By Jim Schutze
By Rachel Watts
By Lauren Drewes Daniels
By Anna Merlan
By Lee Escobedo
"Just Say, 'No, Thank You'" by Kimberly Thorpe, June 25
boys will be boys
Where's the corresponding program for boys? If you expect teenage girls to abstain from sex, you'd better have a similar program for the boys, complete with a ring asking them to pledge their bodies to God.
This sounds sweet on the surface, but the underlying message is one of sexism. Girls give their bodies to God until they turn over their bodies to their new owners (husbands). Apparently, boys are still free to be boys.
CaroJ, via dallasobserver.com
"But teaching proper manners to kids is a controversial approach in some academic circles. 'Sometimes what is acceptable in the mainstream is not necessarily culturally appropriate,' says Dr. David Chard, dean of SMU's Simmons School of Education and Human Development." Excuse me? Does this SMU dean expect middle-class behavior out of his students at SMU? Does he expect them to shake hands and greet people? Exactly why wouldn't he expect this behavior to be taught to children in poverty? Is this dean confused over the mission of public education, or is he just stupid? If he has children, has he socialized them into the "culture of power" or the culture of those who are disempowered?
Does Chard confuse understanding different subcultures with practices that keep people in the under classes? What does he think the mission of public education is but to encourage a fluid class structure in the United States?
Anon from Dallas, via dallasobserver.com
Having these girls pledge their bodies to "God" is fine and everything, but face it, abstinence rarely is reality. Why not encourage them to wait, but teach safe sex and birth control in case they "fall"?
TJ from Dallas, via dallasobserver.com
"Buzz," by Jim Schutze, June 25
Angela Hunt is a nut when it comes to the city of Dallas and its improvements. She is not consistent in the way she thinks or stands for the bettering of the city, but is rather like a monarch that wants to do things only her way. Nobody in the neighborhood she lives in can stand her because of her support of limiting homebuilding and improvements of houses in the M Streets district, which is why values have stayed stale. (It's because of this that new homes and lots to build on are selling in the Vickery Place district and are becoming more valuable than the M Streets per lot as well!) She's never been able to hold a marriage, probably because she always has to be on top (both mentally and physically)!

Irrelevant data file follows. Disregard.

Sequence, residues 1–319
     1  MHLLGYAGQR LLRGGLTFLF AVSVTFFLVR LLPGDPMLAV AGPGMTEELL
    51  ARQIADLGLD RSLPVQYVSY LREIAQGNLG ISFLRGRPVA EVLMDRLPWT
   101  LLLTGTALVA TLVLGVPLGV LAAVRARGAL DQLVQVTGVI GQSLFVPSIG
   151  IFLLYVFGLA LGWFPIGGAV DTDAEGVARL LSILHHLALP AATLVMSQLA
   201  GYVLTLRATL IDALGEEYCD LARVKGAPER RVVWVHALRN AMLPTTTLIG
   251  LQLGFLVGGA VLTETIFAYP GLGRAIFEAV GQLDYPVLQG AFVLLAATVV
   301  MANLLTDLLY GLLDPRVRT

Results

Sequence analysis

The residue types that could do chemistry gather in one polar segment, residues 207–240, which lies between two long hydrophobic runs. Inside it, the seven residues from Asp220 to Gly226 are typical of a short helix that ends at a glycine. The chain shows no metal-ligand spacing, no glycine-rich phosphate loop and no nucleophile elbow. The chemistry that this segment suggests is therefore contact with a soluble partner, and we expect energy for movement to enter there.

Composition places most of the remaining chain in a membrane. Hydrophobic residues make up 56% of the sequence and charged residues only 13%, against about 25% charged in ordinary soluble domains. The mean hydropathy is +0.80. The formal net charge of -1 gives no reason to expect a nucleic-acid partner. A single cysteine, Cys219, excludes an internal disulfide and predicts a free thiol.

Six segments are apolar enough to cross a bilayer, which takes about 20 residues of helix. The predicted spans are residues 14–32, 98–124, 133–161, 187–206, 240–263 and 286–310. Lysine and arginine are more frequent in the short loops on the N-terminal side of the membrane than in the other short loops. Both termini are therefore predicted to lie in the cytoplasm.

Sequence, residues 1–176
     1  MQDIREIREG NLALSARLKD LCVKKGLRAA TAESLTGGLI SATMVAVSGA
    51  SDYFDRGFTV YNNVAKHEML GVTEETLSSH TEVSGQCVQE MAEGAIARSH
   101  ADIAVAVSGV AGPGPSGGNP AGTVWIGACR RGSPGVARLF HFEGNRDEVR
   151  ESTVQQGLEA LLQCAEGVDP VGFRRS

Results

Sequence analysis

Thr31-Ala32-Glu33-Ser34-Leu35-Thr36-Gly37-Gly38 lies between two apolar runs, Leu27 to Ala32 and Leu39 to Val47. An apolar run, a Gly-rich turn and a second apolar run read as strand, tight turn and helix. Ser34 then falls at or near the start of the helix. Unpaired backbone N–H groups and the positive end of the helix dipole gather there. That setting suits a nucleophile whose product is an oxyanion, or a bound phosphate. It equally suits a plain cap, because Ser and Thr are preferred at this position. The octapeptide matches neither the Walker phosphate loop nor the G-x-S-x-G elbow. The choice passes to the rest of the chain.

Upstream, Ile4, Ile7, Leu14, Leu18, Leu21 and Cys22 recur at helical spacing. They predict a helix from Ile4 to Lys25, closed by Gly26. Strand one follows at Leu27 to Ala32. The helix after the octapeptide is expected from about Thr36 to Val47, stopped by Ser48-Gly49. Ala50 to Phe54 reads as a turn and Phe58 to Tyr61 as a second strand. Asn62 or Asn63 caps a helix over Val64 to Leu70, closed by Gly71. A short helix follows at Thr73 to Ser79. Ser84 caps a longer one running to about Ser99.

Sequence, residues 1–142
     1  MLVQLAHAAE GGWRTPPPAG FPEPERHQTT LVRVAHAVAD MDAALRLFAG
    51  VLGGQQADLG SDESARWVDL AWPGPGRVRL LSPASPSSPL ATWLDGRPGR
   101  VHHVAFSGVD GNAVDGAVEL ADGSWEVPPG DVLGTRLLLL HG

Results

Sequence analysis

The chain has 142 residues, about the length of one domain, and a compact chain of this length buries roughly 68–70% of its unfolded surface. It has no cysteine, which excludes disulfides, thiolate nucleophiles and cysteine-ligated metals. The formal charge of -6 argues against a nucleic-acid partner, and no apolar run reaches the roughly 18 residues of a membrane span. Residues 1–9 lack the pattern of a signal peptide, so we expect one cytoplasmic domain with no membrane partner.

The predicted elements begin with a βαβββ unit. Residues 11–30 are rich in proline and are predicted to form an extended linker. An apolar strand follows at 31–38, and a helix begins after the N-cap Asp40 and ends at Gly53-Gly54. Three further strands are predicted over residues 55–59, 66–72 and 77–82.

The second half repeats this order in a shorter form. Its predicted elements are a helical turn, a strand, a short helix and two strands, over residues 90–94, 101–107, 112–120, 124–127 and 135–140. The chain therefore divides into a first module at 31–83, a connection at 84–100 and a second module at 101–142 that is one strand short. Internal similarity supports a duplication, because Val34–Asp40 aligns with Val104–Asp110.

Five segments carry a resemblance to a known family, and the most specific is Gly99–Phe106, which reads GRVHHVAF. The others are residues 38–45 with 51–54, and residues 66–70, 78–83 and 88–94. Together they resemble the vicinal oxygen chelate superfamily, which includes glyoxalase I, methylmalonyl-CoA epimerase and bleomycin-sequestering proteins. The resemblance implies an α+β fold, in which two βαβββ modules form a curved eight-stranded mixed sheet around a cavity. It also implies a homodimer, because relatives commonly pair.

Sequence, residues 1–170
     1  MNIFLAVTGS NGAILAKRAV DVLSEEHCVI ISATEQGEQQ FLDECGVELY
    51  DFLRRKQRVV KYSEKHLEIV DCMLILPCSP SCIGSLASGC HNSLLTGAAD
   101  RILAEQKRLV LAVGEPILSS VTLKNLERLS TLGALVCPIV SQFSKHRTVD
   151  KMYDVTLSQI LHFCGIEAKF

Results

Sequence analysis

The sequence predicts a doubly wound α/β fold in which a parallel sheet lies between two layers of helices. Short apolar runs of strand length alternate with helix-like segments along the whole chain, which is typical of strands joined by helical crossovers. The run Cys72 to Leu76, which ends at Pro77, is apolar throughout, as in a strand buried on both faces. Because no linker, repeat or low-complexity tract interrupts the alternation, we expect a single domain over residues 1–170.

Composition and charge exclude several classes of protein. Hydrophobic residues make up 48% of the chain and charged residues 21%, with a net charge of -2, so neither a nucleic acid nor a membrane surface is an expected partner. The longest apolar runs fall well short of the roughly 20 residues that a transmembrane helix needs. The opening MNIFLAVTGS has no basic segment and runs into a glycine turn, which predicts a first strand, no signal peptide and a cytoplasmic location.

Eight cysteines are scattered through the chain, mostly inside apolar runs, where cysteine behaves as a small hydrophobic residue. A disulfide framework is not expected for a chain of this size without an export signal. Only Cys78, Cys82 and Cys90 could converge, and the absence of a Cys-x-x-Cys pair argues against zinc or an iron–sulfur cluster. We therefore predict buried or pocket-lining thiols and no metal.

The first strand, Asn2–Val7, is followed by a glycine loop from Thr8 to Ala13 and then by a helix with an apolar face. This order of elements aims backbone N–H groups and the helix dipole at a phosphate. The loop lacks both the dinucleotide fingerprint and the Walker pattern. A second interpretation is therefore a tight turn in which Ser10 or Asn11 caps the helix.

If the city wants to improve, let's hire a conservative mayor that won't spend like a maniac and get new reps that won't be kleptomaniacs. This is why Dallas pays higher taxes per square foot than Highland Park, but still looks like Detroit. You want our taxes, Angela? Then learn how to redistribute them to the neighborhood you live in so we can upgrade it and make it worth our taxes. Funny, the plans you had for improvements on your home in the M Streets historical district were approved three times as fast as others.
SDMP from Dallas, via dallasobserver.com
Because sometimes people believe what they read, even comments written by people making nutty accusations, I apologize in advance for wasting anyone's time with the following response to SDMP's comments:
Our conservation district was overwhelmingly approved by neighborhood homeowners. Home values in the M Streets have gone up significantly since our conservation district was enacted, and many new homes have been built and old homes renovated.
Vickery Place is also a conservation district.
I'm married to my high school sweetheart. As far as I know, we're still married.
We haven't made any improvements to our home, other than putting up a backyard fence several years ago. I did paint a room this weekend, but let's keep that between us.
Back to the budget...
Angela Hunt, via dallasobserver.com